The Big Take Away from Today’s Question and Answer at the Supreme Court
From the WSJ’s live blog, covering the ObamaCare case in the Supreme Court:
Tough questions came from the possible Supreme Court swing vote, Justice Anthony Kennedy, in the first thirty minutes of oral argument Tuesday morning on whether the federal government can require most Americans to carry insurance or pay a fee.
Mr. Kennedy has been challenging Solicitor General Donald Verrilli to answer what the justice says is a “very heavy burden of justification” to show where the Constitution authorizes Congress to change the relation of the individual to the government.
It is not just the WSJ that picked up on the fact that there is trouble in ObamaCare mandate land. The LA Times, in an article titled “Justices signal possible trouble for health insurance mandate,” reports:
Even before the administration’s top lawyer could get three minutes into his defense of the mandate, some justices accused the government of pushing for excessive authority to require Americans to buy anything.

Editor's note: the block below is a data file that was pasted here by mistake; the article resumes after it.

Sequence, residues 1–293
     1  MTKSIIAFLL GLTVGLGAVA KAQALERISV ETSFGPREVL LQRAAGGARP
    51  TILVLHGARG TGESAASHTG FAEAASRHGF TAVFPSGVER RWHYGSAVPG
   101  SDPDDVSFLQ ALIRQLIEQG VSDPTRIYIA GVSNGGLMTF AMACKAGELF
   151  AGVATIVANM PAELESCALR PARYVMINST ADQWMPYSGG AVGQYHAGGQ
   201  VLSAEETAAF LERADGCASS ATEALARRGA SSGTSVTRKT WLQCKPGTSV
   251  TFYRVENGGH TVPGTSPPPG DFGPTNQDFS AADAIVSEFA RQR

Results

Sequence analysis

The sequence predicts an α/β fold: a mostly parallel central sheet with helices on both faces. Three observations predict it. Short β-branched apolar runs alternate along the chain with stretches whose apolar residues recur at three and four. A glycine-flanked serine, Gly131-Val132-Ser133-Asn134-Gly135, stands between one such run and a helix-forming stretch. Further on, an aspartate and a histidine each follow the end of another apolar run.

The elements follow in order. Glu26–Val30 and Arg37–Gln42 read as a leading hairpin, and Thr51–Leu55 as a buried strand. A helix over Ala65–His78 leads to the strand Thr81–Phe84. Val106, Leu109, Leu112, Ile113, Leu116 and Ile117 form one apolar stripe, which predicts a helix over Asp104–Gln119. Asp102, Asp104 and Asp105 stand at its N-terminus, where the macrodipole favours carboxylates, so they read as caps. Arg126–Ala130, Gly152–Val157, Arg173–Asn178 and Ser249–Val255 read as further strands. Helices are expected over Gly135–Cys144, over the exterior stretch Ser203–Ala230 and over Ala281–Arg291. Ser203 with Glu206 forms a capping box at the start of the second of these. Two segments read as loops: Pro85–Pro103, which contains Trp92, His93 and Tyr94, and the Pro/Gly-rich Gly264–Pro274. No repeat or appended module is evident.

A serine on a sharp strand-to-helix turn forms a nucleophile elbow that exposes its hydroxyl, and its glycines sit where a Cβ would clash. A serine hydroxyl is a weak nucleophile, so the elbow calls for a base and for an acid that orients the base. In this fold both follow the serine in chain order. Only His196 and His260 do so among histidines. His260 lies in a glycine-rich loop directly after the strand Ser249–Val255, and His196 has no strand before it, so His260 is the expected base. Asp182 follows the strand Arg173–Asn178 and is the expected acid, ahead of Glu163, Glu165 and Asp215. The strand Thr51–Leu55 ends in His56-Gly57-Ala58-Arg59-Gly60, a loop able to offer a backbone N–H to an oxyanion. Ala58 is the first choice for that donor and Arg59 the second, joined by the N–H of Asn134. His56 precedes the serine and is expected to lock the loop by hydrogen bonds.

“Are there any limits,” asked Justice Anthony Kennedy, one of three conservative justices whose votes are seen as crucial to the fate of the unprecedented insurance mandate.
Chief Justice John G. Roberts Jr. suggested that the government might require Americans to buy cellphones to be ready for emergencies. And Justice Antonin Scalia asked if the government might require Americans to buy broccoli or automobiles.
“If the government can do this, what else can it … do?” Scalia asked.
An extended discussion about burial insurance (everyone will die) also animated the proceedings, but the Justices were skeptical of allowing the government the power to mandate individuals must purchase ________ (fill in the blank).